Mr Guo said that in the district where the Highsee steel mill has gone out of business, the local government approved 800,000 square metres of new construction last year, even though the district’s total population is only 300,000.

As night falls in Yuncheng, the dilemma facing the government is dramatically illustrated by the very few lights blinking on in newly constructed apartment towers.

In the past, Beijing has turned to credit-fuelled prop-erty construction as the easiest way to boost flagging growth. But with so many freshly built apartment towers already standing empty, another round of state-sanctioned building would amount to yin zhen zhi ke – “drinking poison to quench one’s thirst”.

Additional reporting by Gu Yu

在中国内陆炼钢和采煤腹地一个500万人口的城市,经济增长放缓的迹象随处可见。

山西省运城市的市中心林立着几乎无人居住的新建公寓楼,其名称是“财富广场”及“黄金水岸”之类,而在该市远郊,当地最大的钢铁厂已经破产,留下巨额未偿债务和近1万名无事可做的工人。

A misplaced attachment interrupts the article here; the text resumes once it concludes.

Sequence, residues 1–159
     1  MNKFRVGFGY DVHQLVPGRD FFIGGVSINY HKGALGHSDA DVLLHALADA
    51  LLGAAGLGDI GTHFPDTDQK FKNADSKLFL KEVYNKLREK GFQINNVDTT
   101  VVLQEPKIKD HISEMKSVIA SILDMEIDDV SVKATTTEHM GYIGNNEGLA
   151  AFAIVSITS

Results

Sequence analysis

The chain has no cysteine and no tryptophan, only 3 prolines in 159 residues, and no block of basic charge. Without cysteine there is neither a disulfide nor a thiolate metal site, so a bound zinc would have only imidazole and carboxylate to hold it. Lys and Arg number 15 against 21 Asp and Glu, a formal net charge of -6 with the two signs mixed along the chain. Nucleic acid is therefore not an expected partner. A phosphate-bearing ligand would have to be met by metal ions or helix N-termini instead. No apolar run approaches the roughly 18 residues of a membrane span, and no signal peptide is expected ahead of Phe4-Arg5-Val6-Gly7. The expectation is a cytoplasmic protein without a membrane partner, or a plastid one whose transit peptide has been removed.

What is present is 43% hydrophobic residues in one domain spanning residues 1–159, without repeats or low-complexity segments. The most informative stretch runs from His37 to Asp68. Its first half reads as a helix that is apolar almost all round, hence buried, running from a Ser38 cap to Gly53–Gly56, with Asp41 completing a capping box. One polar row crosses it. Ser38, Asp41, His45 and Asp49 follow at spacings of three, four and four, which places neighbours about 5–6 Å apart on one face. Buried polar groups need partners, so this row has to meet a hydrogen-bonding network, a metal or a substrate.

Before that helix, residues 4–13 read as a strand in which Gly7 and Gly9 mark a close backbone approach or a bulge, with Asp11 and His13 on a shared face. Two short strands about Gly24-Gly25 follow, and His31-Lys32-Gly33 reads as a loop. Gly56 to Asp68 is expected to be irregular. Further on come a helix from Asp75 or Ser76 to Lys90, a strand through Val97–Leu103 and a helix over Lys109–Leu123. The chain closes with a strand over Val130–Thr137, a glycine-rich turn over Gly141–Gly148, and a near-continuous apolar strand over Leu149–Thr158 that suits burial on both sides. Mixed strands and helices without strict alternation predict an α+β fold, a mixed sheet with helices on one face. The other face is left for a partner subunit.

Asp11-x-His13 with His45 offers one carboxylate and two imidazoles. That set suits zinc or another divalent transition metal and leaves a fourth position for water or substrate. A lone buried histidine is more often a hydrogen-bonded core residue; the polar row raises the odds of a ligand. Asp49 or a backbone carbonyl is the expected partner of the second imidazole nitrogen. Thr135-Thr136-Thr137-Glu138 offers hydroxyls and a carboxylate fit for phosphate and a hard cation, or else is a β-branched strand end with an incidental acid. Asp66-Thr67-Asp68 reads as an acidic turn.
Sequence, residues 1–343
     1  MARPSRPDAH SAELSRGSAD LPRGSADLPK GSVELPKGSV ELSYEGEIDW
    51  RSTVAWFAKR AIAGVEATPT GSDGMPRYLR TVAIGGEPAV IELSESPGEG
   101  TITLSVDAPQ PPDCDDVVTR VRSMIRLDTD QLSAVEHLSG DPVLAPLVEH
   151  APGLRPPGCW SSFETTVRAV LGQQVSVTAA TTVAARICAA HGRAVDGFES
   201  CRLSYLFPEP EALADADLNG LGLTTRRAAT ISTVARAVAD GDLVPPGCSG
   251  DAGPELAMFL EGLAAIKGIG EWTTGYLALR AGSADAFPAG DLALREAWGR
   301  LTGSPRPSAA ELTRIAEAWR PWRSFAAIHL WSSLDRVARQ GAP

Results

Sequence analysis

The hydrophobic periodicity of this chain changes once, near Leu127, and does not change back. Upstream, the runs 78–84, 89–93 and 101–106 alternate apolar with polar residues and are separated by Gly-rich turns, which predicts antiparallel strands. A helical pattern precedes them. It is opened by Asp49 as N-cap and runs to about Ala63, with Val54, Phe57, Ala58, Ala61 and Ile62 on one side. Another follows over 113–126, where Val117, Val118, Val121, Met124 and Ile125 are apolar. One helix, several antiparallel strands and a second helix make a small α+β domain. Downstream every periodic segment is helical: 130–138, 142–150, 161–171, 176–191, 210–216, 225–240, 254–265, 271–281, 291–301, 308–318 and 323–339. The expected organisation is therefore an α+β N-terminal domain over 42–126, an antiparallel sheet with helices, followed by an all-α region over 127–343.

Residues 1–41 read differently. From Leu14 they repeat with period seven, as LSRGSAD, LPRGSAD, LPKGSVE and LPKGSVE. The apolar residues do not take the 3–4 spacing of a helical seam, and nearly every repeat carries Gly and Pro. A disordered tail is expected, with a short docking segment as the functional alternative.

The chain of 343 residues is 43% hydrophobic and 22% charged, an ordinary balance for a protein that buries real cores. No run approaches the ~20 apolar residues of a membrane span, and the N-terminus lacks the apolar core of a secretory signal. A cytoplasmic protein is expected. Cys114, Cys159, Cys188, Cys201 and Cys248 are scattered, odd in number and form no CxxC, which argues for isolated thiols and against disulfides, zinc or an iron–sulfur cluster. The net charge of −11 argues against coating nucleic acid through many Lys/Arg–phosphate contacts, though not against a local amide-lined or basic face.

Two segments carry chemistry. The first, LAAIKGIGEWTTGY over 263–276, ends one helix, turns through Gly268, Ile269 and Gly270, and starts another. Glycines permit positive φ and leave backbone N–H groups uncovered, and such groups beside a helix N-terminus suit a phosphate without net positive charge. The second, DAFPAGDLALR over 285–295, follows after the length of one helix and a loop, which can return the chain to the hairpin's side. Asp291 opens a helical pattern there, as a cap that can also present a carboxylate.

“我曾把大量投资者和钢铁行业人士拉到这儿参观这家厂,”在一家冷清的酒店外等候的出租车司机张蒲(音译)表示。这家酒店的旁边就是陷入困境的钢铁企业海鑫钢铁集团(Highsee Group)的总部。

“如今要到这儿来的人只有当地的农民或讨债的。”

中国经济在今年第一季度同比增长7.4%,较2013年第四季度7.7%的同比增幅有大幅放缓。按照大多数国家的标准,这仍是一个令人羡慕的增长率,但在运城和中国各地其他城市,这个整体数字掩盖了种种问题。

放缓的主要原因是,中国经济的最大推动因素——固定资产投资增长大幅减速。今年前三个月,这项投资同比增长17.6%,是2002年末以来最慢的。

这一下滑主要是房地产投资减速所致,该行业也经历了10多年来最疲弱的增长。未来几个月内,形势肯定会变得更糟。今年第一季度,中国住宅新开工面积下降了27.2%。

这主要是对销售下滑的反应,今年第一季度,住宅销售面积同比下降5.7%。像运城这样的内陆中小城市,降幅尤为显著。

“(调查显示)房价确实是出现了一些明显的分化,一线城市房价温和上涨,”中国国家统计局新闻发言人盛来运昨日在公布第一季度国内生产总值(GDP)数据的新闻发布会上表示,“部分二线城市房价有所松动,一些住房存量比较多的三四线城市房价出现了下降。”中国过热的房地产市场的命运,对整体经济的健康绝对至关重要。根据野村(Nomura)的估算,2013年房地产建设直接占到中国GDP的16%。这样的比重意味着,中国经济对房地产的依赖度正接近房地产泡沫破灭之前的爱尔兰和西班牙。

中国许多产业存在严重产能过剩,如钢铁、水泥和玻璃,这些产业负债累累,其生存有赖于房地产建设持续快速增长。

卖地及房地产相关税收占2013年政府总收入的38%,负债累累的地方政府已将高价土地用作其大部分贷款的抵押品。

房地产崩盘不仅会导致全球第二大经济体兼头号大宗商品消费国增长急剧下滑,也会对家庭产生巨大影响,目前中国家庭估计有三分之二的资产被套牢在房地产中。

在许多地方,比如运城,楼市崩盘已经开始。

“价格不断下降,销售数字真的很可怕,因为建成了太多的公寓,很多都闲置着。”运城郊外某个楼盘的一名姓郭的销售经理表示,“即使在这样的形势下,他们仍在建设新的住宅区。完全是疯了!”

郭先生说,在海鑫钢厂已经停业的那个地方,当地政府去年批准新开工80万平方米,尽管该地总人口只有30万。

夜幕降临在运城后,新落成的公寓大楼上亮灯的窗户极少,令中国政府面临的两难困境表露无遗。

以往,北京方面把转向信贷助推的房地产建设当作刺激乏力增长的最简便方法。但鉴于已经有这么多新建公寓楼闲置着,推出又一轮政府支持的建设只会起到“饮鸠止渴”的作用。

谷禹(Gu Yu)补充报道

译者/和风